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Broadband roll-out measures ‘ride roughshod’ over planning

Government plans to scrap the requirement for council approval of broadband infrastructure installations have been criticised for ignoring residents’ interests.

On Friday, the Government announced a package of temporary measures to make it easier for communications providers to deploy infrastructure and speed up the roll-out of superfast broadband.

The Government will legislate immediately, or use existing powers to ensure that “broadband street cabinets can be installed in any location other than a Site of Special Scientific Interest without the need for prior approval from the local council and without any conditions being placed upon the construction or design by local authorities except in exceptional circumstances”.

Overhead broadband lines will also be able to be installed in any area without the need for planning or other permission.

Culture secretary Maria Miller said: “Superfast broadband is vital to secure our country's future – to kick-start economic growth and create jobs. We are putting in the essential infrastructure that will make UK businesses competitive, and sweeping away the red tape that is a barrier to economic recovery.”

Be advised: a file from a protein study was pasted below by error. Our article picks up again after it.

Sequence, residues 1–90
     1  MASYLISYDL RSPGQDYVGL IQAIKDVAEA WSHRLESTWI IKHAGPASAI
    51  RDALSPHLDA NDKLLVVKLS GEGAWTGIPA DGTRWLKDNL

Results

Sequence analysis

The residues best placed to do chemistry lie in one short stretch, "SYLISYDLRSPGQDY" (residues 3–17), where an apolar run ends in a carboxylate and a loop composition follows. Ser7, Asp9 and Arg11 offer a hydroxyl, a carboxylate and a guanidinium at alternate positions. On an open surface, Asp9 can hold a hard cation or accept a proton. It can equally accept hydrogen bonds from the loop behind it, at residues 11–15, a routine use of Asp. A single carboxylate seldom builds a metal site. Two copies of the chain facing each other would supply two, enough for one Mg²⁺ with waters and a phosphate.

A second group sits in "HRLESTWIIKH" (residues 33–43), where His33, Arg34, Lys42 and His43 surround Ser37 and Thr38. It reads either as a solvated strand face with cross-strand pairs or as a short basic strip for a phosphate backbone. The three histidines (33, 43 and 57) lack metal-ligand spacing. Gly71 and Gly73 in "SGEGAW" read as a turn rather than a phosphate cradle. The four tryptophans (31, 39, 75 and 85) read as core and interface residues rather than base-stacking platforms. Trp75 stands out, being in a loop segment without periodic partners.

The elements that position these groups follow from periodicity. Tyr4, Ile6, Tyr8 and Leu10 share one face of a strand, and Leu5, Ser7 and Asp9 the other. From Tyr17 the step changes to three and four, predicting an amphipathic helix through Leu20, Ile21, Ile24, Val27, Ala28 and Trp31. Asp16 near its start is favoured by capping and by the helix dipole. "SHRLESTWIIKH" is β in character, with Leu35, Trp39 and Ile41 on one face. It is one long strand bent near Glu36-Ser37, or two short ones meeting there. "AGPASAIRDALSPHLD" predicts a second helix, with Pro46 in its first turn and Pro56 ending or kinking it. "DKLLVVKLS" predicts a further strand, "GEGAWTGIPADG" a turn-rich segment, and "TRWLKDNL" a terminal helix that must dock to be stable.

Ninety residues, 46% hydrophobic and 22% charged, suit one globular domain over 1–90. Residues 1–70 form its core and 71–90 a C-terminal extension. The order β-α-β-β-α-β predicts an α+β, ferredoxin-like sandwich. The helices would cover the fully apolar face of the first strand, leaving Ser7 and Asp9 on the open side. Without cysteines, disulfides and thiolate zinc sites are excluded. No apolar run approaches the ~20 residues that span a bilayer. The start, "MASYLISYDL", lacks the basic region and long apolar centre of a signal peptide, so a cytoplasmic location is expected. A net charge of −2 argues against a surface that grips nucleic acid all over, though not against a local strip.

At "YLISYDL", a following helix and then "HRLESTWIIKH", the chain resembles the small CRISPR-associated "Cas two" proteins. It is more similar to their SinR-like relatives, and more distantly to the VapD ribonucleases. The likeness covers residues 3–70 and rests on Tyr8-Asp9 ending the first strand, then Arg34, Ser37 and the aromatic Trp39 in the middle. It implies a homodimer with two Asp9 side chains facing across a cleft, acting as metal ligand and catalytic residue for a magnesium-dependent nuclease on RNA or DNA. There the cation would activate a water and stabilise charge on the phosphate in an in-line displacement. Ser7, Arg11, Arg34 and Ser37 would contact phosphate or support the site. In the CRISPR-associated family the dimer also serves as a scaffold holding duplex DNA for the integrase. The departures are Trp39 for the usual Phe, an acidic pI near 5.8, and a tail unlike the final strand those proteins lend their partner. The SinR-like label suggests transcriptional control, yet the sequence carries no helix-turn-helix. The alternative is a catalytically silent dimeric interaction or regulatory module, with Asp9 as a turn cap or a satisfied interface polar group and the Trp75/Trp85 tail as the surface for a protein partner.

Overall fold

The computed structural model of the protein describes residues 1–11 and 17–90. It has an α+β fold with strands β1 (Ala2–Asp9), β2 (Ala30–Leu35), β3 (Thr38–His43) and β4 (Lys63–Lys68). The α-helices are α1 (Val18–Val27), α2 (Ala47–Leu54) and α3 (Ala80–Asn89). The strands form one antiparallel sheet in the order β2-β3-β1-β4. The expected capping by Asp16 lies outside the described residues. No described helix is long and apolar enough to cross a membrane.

Secretary general of Digital Policy Alliance, Edward Phelps, said: “Broadband is critical to our return to economic growth and to creating new jobs. This is a welcome step towards removing the red tape that stifles innovation and will encourage the private sector to do more to ensure all areas of the country have superfast broadband.”

But Local Government Association housing board chairman Mike Jones said: “The answer isn’t riding roughshod over planning protections, and it’s vital Government doesn’t lose sight of the bigger picture in a race for short-term gain.

“You cannot take away the rights of people to have a say on six-foot high, humming junction boxes outside their windows and gardens or poles and wires festooning their streets. Rushed and unnecessary road works to lay cables also risk costing council tax payers a fortune in repairs and, even when done properly, shorten the life of the roads.”

Westminster City Council shared the LGA’s opposition. Cllr Philippa Roe, Conservative leader of the council, said: “We are concerned that the ability of local people to oppose commercial broadband boxes, of which some can be large eyesores, will be diluted by these proposals. It is more important that councils work in partnership with broadband companies to locate infrastructure sensibly.

“I would question why the Government’s approach is needed at all – it will only result in a gradual and prolonged development across the UK rather than the big bang in broadband that the UK needs.”

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